The surname (Mc)Gillick is a patronymic adopted by a branch of the Burkes of Connacht, and originates from the Irish Mag Uilic, meaning 'son of Ulick'. Mag is a form of Mac (son) used in old Irish names before vowels. William is Uilliam in Gaelic, and 'William the Younger' is Uilliam Og. As time passed, Uilliam Og was contracted to Uilleog, anglicized Ulick, which literally means 'young William', but has also come to mean 'little William'. The name Ulick came into use amongst the Burkes in the 14th century, and was originally peculiar to this family.
The 'Division of Connacht and Thomond' places the land of Clan Henry in the barony of Dunkellin, and names among the gentlemen and their castles:
Hubert McEdmund McUllig: Cloghestokin
Richard McUllig: Saeffyne
Ullig Laragh McEdmund and his brethren: Gortenemakyn
Shane McEdmund McUllig: Row
Shane Reowgh: Cragymulgreny
Shane fitzjohn Burke: Manen
Edmund McUllig's sonnes: Cahergeale
The Composition of Clanricard in 1585, states that 'Pobbil Clanhenry' of the east comprised 28 quarters. The principal seat of the MacHenry Burkes was Gortnamackan. This castle is in that townland in the part of the parish of Kilchrist which is in Dunkellin barony. Cahergal also is in that townland of Killogilleen parish. Creggymulgreny is now shortened to Cregg Castle. These castles form a group in the east of the barony.
In the Elizabethan Fiants (1554â€“1601) there are no less than 51 persons of the name mentioned, spelled in 12 variant forms (usually MacUlick, MacUllock, etc.). The majority of these are in Connacht, mainly co. Galway, and they frequently appear in association with Burkes, as also do quite a number in Munster. There were no (Mc)Gillicks at that time in the Cavan-Meath area. And none are listed as being there in the 1659 census (but Cavan is missing from it). There is only one entry for the name in the Fiants of Henry VIII to Mary: one James Willock, a kern (lightly armed fighting man) of Ballybretnagh, Co. Westmeath. It was the opinion of Edward MacLysaght, first Chief Herald of Ireland, that the surname (Mc)Gillick was likely taken to the adjoining counties of Cavan and Meath by migrating kerns of that name, who began families which, in due course, multiplied and originated the considerable number of persons found there in the 1800s.
Breakdown by area
Griffith's Valuation (c. 1853), listing land or house holders, shows as follows: Co. Cavan Castlerahan: 32 Gillick, 1 McGillick Clanmahon: 4 Gillick, 0 McGillick Clonkee: 0 Gillick, 5 McGillick Loughtree Upper: 1 Gillick, 9 McGillick Tullygarvey: 3 Gillick, 3 McGillick Co. Meath Fore: 7 Gillick, 0 McGillick Kells Lower: 0 Gillick, 1 McGillick Kells Upper: 5 Gillick, 4 McGillick Navan Lower: 0 Gillick, 1 McGillick Navan Upper: 1 Gillick, 0 McGillick The Tithe Applotment Books of a generation earlier indicate that all those families were in the same area then. Nineteenth century records show the (Mc)Gillicks to have been then almost exclusively in the Cavan-Meath area.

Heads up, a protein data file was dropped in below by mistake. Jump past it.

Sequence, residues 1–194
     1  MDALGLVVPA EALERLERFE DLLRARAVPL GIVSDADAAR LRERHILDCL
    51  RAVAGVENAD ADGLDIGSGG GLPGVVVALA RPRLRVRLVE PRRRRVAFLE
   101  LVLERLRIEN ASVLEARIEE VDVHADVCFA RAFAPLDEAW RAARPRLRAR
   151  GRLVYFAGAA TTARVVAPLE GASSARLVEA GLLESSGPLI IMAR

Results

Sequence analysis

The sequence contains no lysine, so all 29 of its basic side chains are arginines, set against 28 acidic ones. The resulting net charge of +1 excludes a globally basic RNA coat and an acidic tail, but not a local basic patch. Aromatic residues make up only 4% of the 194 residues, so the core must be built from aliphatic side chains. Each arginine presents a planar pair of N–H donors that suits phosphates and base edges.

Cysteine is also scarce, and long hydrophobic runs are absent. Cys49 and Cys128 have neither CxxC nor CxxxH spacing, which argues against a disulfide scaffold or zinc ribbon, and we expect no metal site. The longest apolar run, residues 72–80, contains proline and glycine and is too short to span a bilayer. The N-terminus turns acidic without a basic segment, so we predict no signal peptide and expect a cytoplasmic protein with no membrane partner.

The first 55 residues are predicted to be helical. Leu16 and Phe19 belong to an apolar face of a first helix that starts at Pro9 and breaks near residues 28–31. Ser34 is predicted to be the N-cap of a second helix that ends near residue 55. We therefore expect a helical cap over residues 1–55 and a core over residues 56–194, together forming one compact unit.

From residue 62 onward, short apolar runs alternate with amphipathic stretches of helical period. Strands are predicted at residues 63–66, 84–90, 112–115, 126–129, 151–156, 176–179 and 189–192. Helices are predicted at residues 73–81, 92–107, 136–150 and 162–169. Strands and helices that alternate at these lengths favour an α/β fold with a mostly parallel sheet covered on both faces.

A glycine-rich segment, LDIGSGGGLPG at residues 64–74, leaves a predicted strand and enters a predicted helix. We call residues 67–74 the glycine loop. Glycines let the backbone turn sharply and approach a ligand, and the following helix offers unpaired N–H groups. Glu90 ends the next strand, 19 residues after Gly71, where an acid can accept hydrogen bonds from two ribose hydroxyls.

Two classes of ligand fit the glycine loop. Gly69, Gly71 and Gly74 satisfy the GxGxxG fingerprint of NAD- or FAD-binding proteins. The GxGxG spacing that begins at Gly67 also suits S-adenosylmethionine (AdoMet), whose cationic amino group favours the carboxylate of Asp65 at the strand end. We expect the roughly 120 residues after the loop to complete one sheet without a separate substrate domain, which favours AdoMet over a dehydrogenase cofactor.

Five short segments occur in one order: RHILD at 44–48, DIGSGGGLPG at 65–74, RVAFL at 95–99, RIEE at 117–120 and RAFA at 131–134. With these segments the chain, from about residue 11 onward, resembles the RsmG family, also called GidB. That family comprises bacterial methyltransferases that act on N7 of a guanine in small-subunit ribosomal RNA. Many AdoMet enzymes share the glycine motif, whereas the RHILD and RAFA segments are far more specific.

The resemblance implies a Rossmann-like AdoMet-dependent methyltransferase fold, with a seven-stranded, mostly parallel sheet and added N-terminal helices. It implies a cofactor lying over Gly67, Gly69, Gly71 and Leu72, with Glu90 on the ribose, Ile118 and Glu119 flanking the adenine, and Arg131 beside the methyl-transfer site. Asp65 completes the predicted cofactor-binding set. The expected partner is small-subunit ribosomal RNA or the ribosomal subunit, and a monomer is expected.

Frequency of the name in Ireland
In Robert Matheson's Special Report on Surnames in Ireland is a list showing names having five entries or upwards in the Birth Indexes of 1890. In this list the name (Mc)Gillick appears nine times for the whole of Irelandâ€”eight instances being in Co. Cavan and one in the Province of Munster. MacLysaght felt that the majority of the (Mc)Gillicks in Connacht and Munster, separated from others of their name who had migrated east, most likely reverted to their original surname of Burke. Presently, apart from instances of families of the name who have moved to Dublin or other large urban centers, the name (Mc)Gillick is practically unknown in Ireland outside the Cavan-Meath area, and even there the name is now very rare due, in large part, to 19th century emigration to England, Scotland, and North America.
Arms: Or, a cross Gules, in the first quarter a lion's head erased Sable, langued Gules. Crest: A demi-catamount rampant guardant proper, ducally gorged and chained Or. Motto: Ung Je Serviray (One Will I Serve).
People with the surname
Victoria Gillick, a Catholic family campaigner
David Gillick, Irish track and field athlete
Ernest Gillick, British sculptor
James Gillick, British artist
Liam Gillick, British artist
Mary Gillick, British sculptor
Pat Gillick, American baseball executive
Torrance Gillick, Scottish footballer
Gillick competence, a term in medical law
Griffith, R.; General Valuation of Ireland
Knox R.Y.; "The de Burgo Clans of Galway" in the Journal of the Galway Historical Society
MacLysaght E.; Irish Surnames
Matheson, R.E.; Special Report on Surnames in Ireland
Pender S.; Census of Ireland, 1659
Woulfe Rev. P.; Irish Names and Surnames
Genealogical Office Sources
Dublin Grants and Wills to 1858 Fiants (temp. Henry VIII to Elizabeth) G.O. MS 429 G.O. MS 469 G.O. MS 470 Grants of Arms Prerogative Wills Registered Pedigrees Unofficial Pedigrees Category:English-language surnames Category:House of Burke